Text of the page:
A 13-year-old runs his own bakery and matches every sale with a donation to the homeless

Michael Platt, a 13-year-old who lives in Washington, D.C., started his own bakery called Michael's Desserts.

The bakery operates on a one-for-one donation model, meaning that for every cupcake sold he donates one to the homeless.

The teen bakes all sorts of things, but cupcakes are his biggest seller, he told the Washington Post.

As a child, Michael Platt loved to bake.

And when he turned 11, the Bowie, Maryland, resident turned his passion into a business and founded Michael's Desserts, as the Washington Post reported.

The bakery operates on a one-for-one donation model, meaning that for every cupcake sold he donates one to the homeless, according to WJLA. He makes donation batches about once a month, he told the outlet.

Platt explained that it is important to him that his business has a philanthropic component.

"I knew that I wanted to make a business, but I knew I didn't just want to make money, I also wanted to help people at the same time," he told WJLA.

Michael's Desserts partnered with No Kid Hungry, which is a nonprofit that provides meals, hosts educational programming, and advocates on behalf of children.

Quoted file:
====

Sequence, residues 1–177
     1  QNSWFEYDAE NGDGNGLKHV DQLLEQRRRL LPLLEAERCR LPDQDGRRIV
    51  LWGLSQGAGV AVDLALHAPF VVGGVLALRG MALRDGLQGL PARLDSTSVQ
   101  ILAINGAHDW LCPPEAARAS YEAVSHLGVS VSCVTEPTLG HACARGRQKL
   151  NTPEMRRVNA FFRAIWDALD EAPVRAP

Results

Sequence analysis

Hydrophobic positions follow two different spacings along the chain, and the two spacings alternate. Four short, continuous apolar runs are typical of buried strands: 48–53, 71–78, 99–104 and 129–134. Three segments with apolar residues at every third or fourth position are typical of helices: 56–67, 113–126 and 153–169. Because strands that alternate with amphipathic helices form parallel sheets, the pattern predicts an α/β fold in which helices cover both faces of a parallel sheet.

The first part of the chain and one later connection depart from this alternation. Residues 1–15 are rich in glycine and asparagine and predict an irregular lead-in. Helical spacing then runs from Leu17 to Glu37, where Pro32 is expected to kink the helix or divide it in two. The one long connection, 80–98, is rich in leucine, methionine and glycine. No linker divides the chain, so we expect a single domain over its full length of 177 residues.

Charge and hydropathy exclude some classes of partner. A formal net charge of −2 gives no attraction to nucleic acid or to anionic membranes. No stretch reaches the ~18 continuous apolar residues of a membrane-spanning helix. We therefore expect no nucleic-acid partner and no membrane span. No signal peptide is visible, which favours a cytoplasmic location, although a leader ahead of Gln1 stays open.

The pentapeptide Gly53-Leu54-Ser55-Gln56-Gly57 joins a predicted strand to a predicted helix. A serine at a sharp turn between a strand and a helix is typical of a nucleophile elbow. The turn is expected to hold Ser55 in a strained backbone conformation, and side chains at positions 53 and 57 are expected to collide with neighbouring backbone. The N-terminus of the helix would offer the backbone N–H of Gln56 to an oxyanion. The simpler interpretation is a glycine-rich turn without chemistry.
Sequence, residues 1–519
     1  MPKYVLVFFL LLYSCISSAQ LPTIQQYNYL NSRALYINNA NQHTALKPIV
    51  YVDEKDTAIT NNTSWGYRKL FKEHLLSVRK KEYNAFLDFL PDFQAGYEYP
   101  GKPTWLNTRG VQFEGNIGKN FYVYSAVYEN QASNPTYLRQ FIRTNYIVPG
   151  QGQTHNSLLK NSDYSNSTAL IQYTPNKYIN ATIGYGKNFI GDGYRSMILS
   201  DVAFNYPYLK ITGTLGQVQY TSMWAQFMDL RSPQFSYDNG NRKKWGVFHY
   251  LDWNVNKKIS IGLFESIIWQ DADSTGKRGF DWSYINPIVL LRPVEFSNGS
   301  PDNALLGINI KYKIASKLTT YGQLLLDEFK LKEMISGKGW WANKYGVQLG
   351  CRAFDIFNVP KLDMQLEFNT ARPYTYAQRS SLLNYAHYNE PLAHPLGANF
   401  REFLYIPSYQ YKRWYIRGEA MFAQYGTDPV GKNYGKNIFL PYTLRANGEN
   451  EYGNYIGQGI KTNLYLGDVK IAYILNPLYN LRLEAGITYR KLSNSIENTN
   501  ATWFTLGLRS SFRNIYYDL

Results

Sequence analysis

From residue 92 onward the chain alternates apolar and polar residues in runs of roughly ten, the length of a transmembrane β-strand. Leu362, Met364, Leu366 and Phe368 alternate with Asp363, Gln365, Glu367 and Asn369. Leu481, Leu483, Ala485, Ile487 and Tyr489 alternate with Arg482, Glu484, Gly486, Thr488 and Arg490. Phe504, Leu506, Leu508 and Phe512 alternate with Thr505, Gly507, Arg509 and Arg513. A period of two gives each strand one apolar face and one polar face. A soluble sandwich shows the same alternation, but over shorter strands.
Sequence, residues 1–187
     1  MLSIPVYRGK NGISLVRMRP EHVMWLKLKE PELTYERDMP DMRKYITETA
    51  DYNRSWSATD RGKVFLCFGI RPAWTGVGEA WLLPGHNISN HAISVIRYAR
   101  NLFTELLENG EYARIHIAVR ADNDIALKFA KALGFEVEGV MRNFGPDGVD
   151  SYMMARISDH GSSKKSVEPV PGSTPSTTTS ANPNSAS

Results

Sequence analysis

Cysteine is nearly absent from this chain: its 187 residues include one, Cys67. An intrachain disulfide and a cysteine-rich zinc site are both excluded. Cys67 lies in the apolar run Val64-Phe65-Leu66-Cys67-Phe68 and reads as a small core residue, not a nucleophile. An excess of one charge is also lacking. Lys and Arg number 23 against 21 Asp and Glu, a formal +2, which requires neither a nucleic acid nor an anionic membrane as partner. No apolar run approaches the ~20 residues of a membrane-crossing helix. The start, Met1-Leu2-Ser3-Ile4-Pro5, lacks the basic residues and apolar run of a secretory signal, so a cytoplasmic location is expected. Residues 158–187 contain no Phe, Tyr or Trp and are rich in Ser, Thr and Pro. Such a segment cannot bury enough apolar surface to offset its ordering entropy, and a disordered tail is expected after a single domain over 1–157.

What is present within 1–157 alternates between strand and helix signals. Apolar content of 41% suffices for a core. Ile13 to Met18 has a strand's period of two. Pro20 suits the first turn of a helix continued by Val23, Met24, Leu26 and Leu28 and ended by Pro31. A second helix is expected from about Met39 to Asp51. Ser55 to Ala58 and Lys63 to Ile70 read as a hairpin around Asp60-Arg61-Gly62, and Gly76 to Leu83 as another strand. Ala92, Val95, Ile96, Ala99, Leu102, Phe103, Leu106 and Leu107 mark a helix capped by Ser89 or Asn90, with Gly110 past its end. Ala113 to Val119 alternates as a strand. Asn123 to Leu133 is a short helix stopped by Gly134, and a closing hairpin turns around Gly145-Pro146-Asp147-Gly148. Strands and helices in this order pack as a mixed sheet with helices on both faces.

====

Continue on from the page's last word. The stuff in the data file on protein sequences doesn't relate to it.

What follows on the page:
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In the last two years, Platt's business has grown.

The teen bakes everything from cookies to cupcakes, according to the Washington Post. He told the newspaper that each month he sells about 12 cookies, 75 cupcakes, and 12 rotating "chef's choice" items, which he also calls "freedom fighter cupcakes."

Every month the teen draws inspiration from a different historical figure and bases the"chef's choice" flavor on that person. Past honorees have included Harriet Tubman and Martin Luther King Jr, who inspired the business, according to the Washington Post.

Cupcakes, in general, are by far his biggest seller — and a four-pack sells for $15, according to the newspaper. Platt, who is home-schooled, has gotten help and support from his mom, who he calls his "baking consultant."

He's grateful for all the support — and for all the orders people have put in. Most of which are placed by strangers.

"I always wanted to have a purpose for what I do," he told the Washington Post. "It's all about helping people — not just having a purpose for yourself, but thinking about, 'How does this touch other things?'"